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Plus, True Blood‘s opening credits gave a whole new life to the song “Bad Things” by Jace Everett. Despite the single being released in 2005, it was virtually unknown until True Blood used it as the opening theme, causing the song to chart (for the first time ever) in three countries in 2009. The song has since been listened to over 30 million times on YouTube.

Band Of Brothers (2001)

Steven Spielberg and Tom Hanks teamed up to create what has become one of HBO’s most iconic limited TV series to date. Based on the book of the same name, Band Of Brothers chronicles the 506th Parachute Infantry Regiment during World War II. Upon release, it was hailed for capturing both the brotherhood and bloodshed of war and showing the true human cost of battle.

It was nominated for 20 Emmy Awards, including Main Title Design, at the 2002 Emmys. The opening credits depict the soldiers of WWII, shifting from Scrapbook images to historical photographs, and old black-and-white footage, all set to an orchestral score. It helped prime audiences for the emotional journey they were about to embark on in the series.

Boardwalk Empire (2010 – 2014)

In 2014, for the show’s final season, Boardwalk Empire finally received its first Main Title Design nomination – adding to the many nominations the show received that year. The series was based in Atlantic City during the prohibition era and starred Steve Buscemi as corrupt politician Enoch Thompson.

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The opening credits show Buscemi standing on the beach on a sunny afternoon. Soon, bottles of alcohol begin floating in the waves, bringing with it a massive thunderstorm. The credits were praised not just for their styling, but for also being able to tell a story in under a minute.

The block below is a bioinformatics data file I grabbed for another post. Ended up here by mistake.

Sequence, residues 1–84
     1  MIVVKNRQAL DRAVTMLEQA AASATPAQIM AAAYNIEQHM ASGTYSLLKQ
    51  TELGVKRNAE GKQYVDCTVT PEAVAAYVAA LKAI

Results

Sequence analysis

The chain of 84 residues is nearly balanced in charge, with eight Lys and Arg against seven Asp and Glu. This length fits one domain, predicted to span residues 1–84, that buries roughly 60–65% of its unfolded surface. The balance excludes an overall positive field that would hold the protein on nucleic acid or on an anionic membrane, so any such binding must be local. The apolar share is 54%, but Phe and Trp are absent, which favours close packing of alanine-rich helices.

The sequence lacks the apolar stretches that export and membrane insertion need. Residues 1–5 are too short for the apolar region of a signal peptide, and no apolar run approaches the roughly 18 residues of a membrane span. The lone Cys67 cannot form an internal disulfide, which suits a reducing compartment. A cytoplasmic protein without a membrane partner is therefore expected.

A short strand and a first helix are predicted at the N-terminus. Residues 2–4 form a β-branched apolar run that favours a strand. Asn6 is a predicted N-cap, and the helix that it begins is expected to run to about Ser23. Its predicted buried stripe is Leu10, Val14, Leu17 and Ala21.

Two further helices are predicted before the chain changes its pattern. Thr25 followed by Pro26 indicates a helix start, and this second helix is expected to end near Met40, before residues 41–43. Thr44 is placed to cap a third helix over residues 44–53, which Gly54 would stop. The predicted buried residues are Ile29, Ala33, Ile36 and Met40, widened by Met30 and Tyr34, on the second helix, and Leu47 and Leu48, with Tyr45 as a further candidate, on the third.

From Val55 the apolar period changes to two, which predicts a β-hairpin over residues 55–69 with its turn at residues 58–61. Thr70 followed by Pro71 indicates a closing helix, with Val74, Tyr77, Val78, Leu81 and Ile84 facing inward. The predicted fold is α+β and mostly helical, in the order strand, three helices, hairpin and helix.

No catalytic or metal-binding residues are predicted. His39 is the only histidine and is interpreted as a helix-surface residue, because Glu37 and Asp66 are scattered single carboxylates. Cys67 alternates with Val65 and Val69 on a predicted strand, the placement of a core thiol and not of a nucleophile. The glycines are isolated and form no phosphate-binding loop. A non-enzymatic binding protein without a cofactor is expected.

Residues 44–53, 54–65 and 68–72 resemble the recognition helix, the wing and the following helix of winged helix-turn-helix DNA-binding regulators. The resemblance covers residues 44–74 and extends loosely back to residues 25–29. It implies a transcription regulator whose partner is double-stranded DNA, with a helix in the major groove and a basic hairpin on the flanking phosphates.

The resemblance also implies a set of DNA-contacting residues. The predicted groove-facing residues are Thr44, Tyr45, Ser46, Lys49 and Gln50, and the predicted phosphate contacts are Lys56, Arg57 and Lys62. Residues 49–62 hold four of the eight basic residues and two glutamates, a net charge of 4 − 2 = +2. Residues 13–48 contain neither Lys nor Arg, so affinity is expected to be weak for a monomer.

Six Feet Under (2001 – 2005)

Before Michael C. Hall made his way over to Showtime for Dexter, he starred in HBO’s Six Feet Under, about a family who owns a funeral home. At the time, the show was a big success for HBO, carrying on the legacy created by The Sopranos that HBO was truly a premium network with groundbreaking programming.

The opening credits for Six Feet Under showcase its dark humor by beginning at the point of death and following a cadaver through the embalming, funeral, wake, and burial process … all to some surprisingly upbeat and quirky music, almost as if the opening credits are trying to desensitize death to the viewers, much like how it would be to the morticians in the show. In 2002, the series was nominated (and won) the Emmy, beating out fellow HBO competitor Band Of Brothers.

Vinyl (2016)

Set around New York’s infamous music scene in the 1970s, Vinyl was all about “sex, drugs, and rock & roll,” and was loaded with an all-star cast like Olivia Wilde, Ray Romano, Jack Quaid, Juno Temple, and more. Its opening credits show an extreme close-up of a vinyl record being played, before cutting to scenes of New York City, all set to “Sugar Daddy” by Sturgill Simpson.

The credits definitely show off the series’ underground rock vibes and earned an Emmy nomination in 2016, but sadly, audiences and critics didn’t seem to enjoy the series as much as the credits, and it was canceled after just one season.

Raised By Wolves (2020 – 2022)

This sci-fi epic from Ridley Scott follows two androids who are tasked with raising human children after the world is destroyed in a violent war. The opening credits do an excellent job at setting the scene and depicting Earth’s destruction, all while giving off some creepy yet blockbuster vibes in the process.

Unfortunately, Raised By Wolves turned into one of the many victims of the Discovery – Warner Bros. merger, as the company decided to take HBO Max in a new direction. In June 2022, it was revealed that after two seasons, the show wouldn’t be returning. It did, however, manage to grab a Main Title Design nomination in 2021.